The SenTiva implantable generator and Vagus Nerve Stimulation (VNS) Therapy Programming System (LivaNova USA) have received FDA approval for the treatment of patients with drug-resistant epilepsy.
SenTiva is the smallest and lightest responsive therapy for epilepsy, LivaNova says. The new VNS Therapy Programming System features a wireless wand and new user interface on a small tablet. Together, the components offer patients with drug-resistant epilepsy a physician-directed customizable therapy with smart technology and proven results to reduce the number of seizures, lessen the duration of seizures, and enable a faster recovery, LivaNova says.
SenTiva’s compact size allows for a more comfortable experience for pediatric patients; VNS Therapy is the first system that is FDA approved for drug-resistant epilepsy in children as young as 4 years of age. SenTiva is also the first epilepsy device of its size to include detect-and-respond mode, designed to prevent seizures before they start and automatically deliver extra therapy to stop them if they do. SenTiva also collects and logs events commonly associated with seizures, including a patient’s body position and heart rate variations.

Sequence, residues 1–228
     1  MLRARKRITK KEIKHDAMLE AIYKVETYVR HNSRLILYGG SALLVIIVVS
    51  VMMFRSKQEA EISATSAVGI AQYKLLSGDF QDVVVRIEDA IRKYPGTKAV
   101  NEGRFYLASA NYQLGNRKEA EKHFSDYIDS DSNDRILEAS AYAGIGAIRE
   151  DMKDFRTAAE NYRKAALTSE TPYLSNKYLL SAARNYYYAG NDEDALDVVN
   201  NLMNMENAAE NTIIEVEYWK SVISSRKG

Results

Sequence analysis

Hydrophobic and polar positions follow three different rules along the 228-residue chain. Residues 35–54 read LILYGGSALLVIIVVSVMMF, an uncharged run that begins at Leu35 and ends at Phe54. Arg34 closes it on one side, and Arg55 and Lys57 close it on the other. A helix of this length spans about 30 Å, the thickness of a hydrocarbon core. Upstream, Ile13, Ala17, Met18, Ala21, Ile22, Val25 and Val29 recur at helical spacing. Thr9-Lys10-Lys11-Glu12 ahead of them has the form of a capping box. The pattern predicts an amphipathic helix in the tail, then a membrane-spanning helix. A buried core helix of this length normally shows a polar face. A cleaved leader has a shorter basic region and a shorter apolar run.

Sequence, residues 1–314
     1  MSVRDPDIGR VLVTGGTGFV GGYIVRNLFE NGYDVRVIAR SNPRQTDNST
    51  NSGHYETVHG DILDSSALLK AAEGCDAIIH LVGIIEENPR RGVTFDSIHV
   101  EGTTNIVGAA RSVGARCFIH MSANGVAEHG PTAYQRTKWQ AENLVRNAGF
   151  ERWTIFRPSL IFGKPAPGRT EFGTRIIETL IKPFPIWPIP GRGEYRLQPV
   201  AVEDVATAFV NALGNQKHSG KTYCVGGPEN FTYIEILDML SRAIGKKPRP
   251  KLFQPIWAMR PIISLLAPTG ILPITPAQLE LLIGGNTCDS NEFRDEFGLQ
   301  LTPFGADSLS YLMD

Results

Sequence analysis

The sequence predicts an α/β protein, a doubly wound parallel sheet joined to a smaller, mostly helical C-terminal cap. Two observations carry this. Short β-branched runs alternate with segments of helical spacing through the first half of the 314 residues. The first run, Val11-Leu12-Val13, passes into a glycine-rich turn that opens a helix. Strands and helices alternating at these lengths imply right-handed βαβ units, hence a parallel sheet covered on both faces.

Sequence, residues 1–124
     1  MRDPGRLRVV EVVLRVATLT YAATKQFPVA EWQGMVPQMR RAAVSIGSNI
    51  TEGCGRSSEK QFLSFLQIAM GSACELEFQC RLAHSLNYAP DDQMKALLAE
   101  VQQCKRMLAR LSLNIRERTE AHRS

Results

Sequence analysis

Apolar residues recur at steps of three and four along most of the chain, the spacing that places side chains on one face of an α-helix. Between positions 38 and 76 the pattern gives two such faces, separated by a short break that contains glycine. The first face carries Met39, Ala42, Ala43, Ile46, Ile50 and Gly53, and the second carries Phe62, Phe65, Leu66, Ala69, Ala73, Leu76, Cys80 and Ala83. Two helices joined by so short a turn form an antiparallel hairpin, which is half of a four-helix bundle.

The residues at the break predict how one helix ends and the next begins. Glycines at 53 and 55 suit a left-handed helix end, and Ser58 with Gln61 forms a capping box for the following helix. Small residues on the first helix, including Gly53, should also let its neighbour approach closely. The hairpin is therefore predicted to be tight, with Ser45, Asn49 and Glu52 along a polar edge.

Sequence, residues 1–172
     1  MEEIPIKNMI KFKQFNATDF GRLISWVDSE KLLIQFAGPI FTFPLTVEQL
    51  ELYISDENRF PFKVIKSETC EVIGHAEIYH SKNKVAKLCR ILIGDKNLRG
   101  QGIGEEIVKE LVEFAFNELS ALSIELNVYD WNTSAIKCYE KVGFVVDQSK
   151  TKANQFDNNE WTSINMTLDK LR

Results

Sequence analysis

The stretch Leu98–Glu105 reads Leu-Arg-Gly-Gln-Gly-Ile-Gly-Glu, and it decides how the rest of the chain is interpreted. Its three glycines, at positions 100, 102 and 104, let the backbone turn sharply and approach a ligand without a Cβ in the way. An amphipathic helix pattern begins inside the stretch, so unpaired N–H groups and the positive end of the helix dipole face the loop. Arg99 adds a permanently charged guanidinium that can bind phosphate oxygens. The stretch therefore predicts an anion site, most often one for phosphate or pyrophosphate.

The VNS Therapy Programming System is compatible not only with SenTiva, but with all LivaNova legacy VNS Therapy generators, allowing physicians to use the system with numerous patients. When combined with SenTiva’s technology, the new system provides several advanced options and personalized features, including guided programming, scheduled programming, and day and night programming by physicians.
“Since every patient suffering from seizures is different, we need more treatment options. SenTiva and the VNS Therapy Programming System will provide that additional flexibility and customization for our patients,” said Dr. James Wheless, Professor and Chief of Pediatric Neurology of Le Bonheur Children’s Hospital in Memphis, Tennessee.
The VNS Therapy System is indicated for use as an adjunctive therapy in reducing the frequency of seizures in patients 4 years of age and older with partial onset seizures that are refractory to antiepileptic medications.
Source: LivaNova; October 9, 2017.